Those hitting numbers make up for Rosario's defensive shortcomings. But he'll certainly have to improve behind the plate for next season.
The Rockies have had a terrible pitching staff this season, but 58 wild pitches and 20 passed balls allowed won't help the confidence of any young pitcher who might bounce a ball in the dirt.
1. Wade Miley, Arizona Diamondbacks
Last week: No. 1.
Unless Wade Miley is terrible in his final two starts of the season, he will very likely win the NL Rookie of the Year Award.
With Todd Frazier's September slump, Miley's primary competition has been eliminated. Wilin Rosario's surge might help him close in, but it's probably too late for him to really make a charge.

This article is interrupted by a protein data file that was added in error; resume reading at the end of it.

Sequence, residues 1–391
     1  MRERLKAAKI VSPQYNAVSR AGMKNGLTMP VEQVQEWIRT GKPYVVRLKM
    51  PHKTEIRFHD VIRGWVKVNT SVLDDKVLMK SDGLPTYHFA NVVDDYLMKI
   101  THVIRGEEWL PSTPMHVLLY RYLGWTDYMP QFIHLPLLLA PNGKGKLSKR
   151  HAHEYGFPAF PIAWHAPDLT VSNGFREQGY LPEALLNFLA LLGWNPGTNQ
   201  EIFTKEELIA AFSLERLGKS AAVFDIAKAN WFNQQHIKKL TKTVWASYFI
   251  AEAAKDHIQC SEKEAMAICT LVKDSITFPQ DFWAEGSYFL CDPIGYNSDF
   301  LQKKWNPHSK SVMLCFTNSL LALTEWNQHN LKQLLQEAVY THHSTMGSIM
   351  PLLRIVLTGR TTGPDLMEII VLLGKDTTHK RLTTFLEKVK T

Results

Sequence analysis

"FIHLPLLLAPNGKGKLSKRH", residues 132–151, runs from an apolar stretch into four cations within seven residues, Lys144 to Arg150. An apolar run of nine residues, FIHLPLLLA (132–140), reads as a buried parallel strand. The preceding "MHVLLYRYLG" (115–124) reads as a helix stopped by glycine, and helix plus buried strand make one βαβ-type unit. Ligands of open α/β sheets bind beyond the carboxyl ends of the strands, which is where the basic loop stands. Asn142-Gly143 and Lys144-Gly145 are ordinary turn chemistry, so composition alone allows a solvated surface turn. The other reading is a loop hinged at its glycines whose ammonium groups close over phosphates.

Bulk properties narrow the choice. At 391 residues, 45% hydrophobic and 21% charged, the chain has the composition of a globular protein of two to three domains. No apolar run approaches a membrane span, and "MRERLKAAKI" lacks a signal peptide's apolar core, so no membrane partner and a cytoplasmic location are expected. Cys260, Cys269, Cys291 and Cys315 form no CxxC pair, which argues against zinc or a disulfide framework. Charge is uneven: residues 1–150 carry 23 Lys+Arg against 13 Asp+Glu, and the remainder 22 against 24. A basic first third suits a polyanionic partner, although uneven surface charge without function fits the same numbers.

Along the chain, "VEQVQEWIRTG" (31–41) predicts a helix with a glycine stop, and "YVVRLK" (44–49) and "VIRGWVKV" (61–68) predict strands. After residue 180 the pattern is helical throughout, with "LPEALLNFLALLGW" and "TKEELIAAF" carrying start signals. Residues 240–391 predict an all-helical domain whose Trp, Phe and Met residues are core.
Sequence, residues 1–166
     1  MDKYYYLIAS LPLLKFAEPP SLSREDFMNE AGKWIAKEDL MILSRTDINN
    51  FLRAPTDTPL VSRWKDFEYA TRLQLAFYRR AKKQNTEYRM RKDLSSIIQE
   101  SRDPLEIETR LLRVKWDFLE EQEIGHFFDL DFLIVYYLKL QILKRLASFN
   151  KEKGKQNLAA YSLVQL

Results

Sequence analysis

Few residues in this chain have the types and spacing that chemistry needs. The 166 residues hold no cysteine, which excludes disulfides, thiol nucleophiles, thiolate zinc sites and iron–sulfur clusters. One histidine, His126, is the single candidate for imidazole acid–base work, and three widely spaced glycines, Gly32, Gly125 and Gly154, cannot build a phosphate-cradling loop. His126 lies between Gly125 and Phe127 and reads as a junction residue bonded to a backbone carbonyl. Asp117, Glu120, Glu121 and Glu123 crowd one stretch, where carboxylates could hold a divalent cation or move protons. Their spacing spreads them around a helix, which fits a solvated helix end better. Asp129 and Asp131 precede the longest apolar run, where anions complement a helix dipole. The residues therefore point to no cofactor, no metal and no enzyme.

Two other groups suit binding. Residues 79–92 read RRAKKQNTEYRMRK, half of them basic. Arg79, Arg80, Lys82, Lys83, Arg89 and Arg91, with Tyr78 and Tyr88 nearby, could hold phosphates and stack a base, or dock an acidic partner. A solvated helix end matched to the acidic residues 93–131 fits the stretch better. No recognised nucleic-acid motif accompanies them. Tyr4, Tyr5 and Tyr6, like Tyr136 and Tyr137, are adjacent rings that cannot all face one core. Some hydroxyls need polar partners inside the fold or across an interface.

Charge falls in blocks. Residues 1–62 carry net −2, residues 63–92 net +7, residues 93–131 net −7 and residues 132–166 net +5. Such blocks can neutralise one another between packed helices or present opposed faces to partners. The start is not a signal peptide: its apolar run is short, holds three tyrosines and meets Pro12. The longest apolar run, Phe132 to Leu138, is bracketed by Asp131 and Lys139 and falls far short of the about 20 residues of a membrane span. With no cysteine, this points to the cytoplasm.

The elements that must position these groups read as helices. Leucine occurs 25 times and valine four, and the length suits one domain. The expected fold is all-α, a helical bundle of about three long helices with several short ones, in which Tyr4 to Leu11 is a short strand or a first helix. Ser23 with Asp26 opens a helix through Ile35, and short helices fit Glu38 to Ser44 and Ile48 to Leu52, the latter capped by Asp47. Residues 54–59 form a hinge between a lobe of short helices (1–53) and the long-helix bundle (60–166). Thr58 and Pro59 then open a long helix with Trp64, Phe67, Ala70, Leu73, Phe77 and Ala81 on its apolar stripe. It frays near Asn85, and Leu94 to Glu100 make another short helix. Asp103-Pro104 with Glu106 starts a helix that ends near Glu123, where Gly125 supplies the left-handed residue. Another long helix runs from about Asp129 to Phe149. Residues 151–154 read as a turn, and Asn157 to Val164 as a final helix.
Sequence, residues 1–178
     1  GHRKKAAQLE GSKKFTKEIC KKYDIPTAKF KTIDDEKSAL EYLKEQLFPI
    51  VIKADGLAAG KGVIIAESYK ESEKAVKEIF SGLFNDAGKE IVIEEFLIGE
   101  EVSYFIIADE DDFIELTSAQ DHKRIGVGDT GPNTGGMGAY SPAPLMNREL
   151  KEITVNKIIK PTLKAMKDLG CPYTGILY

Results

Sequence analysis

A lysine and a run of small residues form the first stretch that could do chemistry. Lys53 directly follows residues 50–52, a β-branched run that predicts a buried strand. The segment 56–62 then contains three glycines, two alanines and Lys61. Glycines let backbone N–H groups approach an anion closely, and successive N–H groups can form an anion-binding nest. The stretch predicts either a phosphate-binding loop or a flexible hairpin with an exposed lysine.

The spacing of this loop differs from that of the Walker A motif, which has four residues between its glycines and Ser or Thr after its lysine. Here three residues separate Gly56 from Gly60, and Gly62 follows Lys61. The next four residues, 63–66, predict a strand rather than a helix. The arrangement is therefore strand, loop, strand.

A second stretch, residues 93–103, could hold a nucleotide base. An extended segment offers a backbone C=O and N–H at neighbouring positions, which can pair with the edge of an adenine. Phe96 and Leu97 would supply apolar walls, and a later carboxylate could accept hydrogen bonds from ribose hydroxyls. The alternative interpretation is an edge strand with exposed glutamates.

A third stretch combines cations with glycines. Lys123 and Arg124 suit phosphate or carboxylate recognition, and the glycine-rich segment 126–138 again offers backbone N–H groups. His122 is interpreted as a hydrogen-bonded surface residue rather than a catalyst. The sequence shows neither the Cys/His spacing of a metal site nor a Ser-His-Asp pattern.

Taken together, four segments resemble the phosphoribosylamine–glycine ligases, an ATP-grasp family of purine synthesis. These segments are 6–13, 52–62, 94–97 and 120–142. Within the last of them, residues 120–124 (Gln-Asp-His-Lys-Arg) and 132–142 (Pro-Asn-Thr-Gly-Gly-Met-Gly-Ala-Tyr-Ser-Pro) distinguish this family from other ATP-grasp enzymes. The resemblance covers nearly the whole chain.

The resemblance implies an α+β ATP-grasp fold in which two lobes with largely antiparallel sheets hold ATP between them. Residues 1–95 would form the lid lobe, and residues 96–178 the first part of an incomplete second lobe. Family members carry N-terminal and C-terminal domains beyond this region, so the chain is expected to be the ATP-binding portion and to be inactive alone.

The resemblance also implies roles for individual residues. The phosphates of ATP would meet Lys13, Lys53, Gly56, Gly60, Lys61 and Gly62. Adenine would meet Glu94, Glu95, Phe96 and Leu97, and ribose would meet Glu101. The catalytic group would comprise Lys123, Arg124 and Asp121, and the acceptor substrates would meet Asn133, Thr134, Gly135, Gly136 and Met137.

Miley's biggest threat is if the worst fears of many fans are realized and Bryce Harper gets a majority of the vote because he's been the most hyped and celebrated rookie in the NL.
The Arizona Diamondbacks left-hander actually had one of his worst performances of the season in his most recent start. Pitching six innings, Miley allowed five runs and 10 hits. But the game did take place at Coors Field, so that should probably be considered.
Unfortunately, giving up five runs increased Miley's ERA to 3.25 and knocked him out of the league's 10 best pitchers in that category. But he ranks No. 11, so he could very easily work his way back into the top 10 before the end of the season.
Miley's walk rate of 1.7 per nine innings—the fifth-best among MLB starting pitchers—should also be considered. Even in that last start in which he gave up 10 hits, he issued zero walks.
Between those numbers and 16 wins for a D-Backs team that is still on the fringes of the NL wild-card race with a week left in the regular season, Miley has made an impressive, award-worthy showing.